It’s All The Rage
Bernie, AOC, the media, and your friendly neighborhood professor may have told you that democratic socialism is a newer, kinder, gentler socialism. It is nothing like that murderous thing that ripped the world apart and killed tens of millions of innocent people in the 20th century, and surely nothing like what they have in Venezuela or Cuba. This is different. This is like Norway, Denmark, and Sweden. Heck, they seem like peaceful places, right? The media on the right will warn you endlessly that this new thing is just a fancy name for all of those murderous regimes of the past, and stop it, or we’re all going to die! Every time it has been tried, it has degraded to mass-murdering authoritarian regimes.
Both are partly right and partly wrong. It’s just not as simple as anyone makes it out to be. But I first watched this new “friendly” democratic socialism get ushered in thirty years ago. Yes, you read that right. THIRTY YEARS AGO. It was in the beautiful, lush, rolling hills of Tuscany, Italy.
In this series of articles, I will take you through what democratic socialism looks like in Europe—with deep dives into many driving topics, such as healthcare, education, housing rights, government assistance, human rights, equality, equity, unemployment, unions, central planning, immigration, racism, taxation, small business, social justice, social security, retirement, corruption, and the power of the government class that feeds off the system.
Many of these topics will discuss rights that many in the United States protest in favor of, and politicians promise will bring prosperity to the poor and middle class if democratic socialism is furthered in the United States. But Italy can provide more than three decades of recent history that show us how these policies inevitably play out in the end, and with open minds, we can easily see how they can only bring the same result anywhere they are attempted.
Those most hurt are inevitably the same people fighting for these policies.
Rewind to 1985
I am a California-raised dude from Los Angeles, and in 1985 I made the decision to move to Italy as a young adult. I was in love with the culture, the scenery, the food, the people… and yeah, a girl.
At the time, I was shocked to see what was then a very powerful and popular Communist Party. They held many seats in the Parliament, second only to the Christian Democrat Party, and followed by dozens of other parties that formed off coalition governments. But the Italian Communist Party at the time was the largest communist party in Western Europe.
I debated with many of these Italian communists and marveled at how many of them drove fancy cars, sported fur coats, wore big diamond rings, and lived in luxurious homes. Whatever I would say in our discussions, they would always come back saying “Our communist party is different than the Soviets and East Germans.” Yeah, I am sure that is what the citizens in the USSR and Germany thought at first as well.
The Italy You Don’t Know
People hear the word Italy, and usually picture the beautiful rolling hills of Tuscany, the seaside cliffs of the Amalfi Coast, the bustling streets of Rome, incredible food, wonderful and hospitable people, breathtaking architecture and antiquity, and any of a hundred other dream-like sequences. Significant investment is made into supporting that image, as tourism is a driving force in the Italian economy.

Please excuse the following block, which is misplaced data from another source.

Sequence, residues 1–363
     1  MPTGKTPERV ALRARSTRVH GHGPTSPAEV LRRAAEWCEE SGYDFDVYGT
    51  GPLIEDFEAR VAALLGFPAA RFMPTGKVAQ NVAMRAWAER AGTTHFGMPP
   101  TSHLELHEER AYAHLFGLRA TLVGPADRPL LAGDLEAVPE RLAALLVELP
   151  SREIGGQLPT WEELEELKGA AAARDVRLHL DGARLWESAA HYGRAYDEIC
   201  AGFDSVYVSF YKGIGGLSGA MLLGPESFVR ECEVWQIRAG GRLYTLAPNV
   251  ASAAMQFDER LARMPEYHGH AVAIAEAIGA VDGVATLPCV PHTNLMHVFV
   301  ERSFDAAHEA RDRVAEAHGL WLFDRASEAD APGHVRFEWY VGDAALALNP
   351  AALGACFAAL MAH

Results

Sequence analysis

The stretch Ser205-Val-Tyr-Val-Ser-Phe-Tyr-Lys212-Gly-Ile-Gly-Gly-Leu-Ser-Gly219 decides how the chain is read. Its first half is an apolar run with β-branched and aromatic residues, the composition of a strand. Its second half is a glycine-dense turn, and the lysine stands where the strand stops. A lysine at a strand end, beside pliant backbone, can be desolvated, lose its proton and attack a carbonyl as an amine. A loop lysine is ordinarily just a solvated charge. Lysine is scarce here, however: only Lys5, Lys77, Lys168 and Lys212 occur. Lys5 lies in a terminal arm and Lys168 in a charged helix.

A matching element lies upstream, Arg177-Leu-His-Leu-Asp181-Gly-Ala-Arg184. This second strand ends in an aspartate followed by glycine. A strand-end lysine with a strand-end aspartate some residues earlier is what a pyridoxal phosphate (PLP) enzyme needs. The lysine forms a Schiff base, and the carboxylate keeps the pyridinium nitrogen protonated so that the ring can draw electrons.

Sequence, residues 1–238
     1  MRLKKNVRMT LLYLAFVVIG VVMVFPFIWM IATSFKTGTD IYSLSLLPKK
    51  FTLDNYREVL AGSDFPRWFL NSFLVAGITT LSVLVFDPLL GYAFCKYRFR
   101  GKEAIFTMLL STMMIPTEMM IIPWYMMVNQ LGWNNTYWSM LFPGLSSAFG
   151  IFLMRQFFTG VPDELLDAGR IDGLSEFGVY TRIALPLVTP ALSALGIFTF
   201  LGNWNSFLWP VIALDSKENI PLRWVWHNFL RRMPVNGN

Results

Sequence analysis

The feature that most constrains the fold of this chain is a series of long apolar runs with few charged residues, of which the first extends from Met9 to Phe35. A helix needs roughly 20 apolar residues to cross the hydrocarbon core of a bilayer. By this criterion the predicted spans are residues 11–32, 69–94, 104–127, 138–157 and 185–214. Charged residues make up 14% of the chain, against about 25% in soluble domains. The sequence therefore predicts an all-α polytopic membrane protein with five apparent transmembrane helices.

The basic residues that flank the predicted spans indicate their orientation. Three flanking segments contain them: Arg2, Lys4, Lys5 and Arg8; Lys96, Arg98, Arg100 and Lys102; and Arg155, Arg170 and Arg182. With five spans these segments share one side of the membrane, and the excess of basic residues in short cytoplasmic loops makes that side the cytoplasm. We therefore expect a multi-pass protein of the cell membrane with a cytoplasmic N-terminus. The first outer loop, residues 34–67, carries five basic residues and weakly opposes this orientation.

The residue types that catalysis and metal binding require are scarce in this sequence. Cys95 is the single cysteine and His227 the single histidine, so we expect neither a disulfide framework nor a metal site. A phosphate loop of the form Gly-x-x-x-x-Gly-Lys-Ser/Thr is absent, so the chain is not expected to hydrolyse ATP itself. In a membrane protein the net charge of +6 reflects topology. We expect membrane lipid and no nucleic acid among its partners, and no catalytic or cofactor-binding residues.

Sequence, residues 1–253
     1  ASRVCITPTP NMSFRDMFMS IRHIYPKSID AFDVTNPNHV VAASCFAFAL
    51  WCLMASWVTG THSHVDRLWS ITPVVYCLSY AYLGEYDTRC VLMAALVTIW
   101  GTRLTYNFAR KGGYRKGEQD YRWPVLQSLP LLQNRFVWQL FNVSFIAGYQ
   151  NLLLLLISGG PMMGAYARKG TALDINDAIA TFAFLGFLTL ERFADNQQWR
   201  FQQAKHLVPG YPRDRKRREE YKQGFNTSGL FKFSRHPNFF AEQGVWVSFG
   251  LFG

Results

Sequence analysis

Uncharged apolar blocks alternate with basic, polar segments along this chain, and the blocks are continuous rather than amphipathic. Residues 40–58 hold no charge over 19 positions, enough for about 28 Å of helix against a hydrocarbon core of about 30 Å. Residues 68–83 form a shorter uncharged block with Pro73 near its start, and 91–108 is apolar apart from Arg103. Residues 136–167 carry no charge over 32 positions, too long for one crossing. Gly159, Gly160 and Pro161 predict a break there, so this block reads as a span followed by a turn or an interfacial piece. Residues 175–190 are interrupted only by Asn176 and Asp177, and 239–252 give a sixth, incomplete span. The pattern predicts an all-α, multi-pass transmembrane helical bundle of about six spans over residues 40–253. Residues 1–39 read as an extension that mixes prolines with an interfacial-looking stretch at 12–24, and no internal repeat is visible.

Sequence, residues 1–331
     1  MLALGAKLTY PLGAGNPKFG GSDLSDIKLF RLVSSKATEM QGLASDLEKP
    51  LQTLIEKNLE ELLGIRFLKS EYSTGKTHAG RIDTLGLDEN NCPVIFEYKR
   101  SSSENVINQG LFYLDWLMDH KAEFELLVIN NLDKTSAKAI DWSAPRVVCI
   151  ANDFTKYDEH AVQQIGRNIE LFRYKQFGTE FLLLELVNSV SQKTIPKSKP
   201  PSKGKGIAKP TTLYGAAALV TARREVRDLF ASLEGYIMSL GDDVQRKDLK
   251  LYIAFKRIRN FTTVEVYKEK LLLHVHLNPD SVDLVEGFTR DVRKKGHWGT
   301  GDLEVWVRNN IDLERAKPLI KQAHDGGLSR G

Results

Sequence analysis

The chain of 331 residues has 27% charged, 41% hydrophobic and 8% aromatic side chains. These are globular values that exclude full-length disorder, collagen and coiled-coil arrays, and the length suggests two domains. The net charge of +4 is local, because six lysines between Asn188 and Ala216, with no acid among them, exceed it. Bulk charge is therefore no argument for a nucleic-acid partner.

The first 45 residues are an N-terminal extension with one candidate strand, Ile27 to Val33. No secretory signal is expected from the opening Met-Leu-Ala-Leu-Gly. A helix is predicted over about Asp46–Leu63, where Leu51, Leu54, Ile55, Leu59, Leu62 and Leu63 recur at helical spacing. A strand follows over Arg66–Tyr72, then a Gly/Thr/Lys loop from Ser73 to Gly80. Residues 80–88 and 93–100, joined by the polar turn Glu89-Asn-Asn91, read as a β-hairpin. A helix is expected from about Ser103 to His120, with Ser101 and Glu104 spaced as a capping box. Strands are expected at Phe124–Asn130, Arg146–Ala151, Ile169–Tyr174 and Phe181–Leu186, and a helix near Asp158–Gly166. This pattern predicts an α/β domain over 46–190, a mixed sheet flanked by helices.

It is all true. Italy is one amazing country full of wonders. Heck, that’s the business I am in, and if you read my writings on my company blog, I go deeply into the breathtaking beauty of the country and culture, but there is also a dark underbelly that you only see if you live and work there, especially if you run a small business. That part I rarely write about in my other blog.
The reality is that once you are part of the system, much of that dream sequence fades as you experience an absurdly corrupt government, oppressive taxation, impossible regulatory controls, and government powers over the people that would make even the most left-leaning American shake in their boots. This is very much the result of decades of democratic socialism that many in the country are only now desperately trying to reverse.
Life in Italy in 1985
While the Communist Party was not in power, they held enough seats in Parliament that many of their policies had been implemented as negotiated agreements amongst coalition parties. For one thing, the ability to get a government job was considered a lottery win, literally. The best-paying jobs were in government, and they offered the most benefits. Everyone wanted them.
For any given job opening, there could be tens of thousands of applicants. The way they solved this was to have a lottery, and if you held the winning ticket, you got the job. It had nothing to do with your skills. It was simply a matter of chance, or so you might think. For every job, there was an applicant who had paid off a minister or called in a favor from a high-ranking government official. That person would write a letter that essentially guaranteed you would win the lottery for the job you were seeking. This simply guaranteed that all of the decent jobs went to those well-connected in the bureaucracy.
Once you got this job, it was yours for life, even if you never actually showed up for work. So the more cunning people would have three or four jobs, with their workdays consisting of punching into each job in the morning and punching out in the afternoon. This only helped the well-connected while devastating the poor and middle class that had voted in favor of promises of equality. They were left to get whatever scraps they could grasp for, usually in overwhelmingly low-paying off-book black market jobs.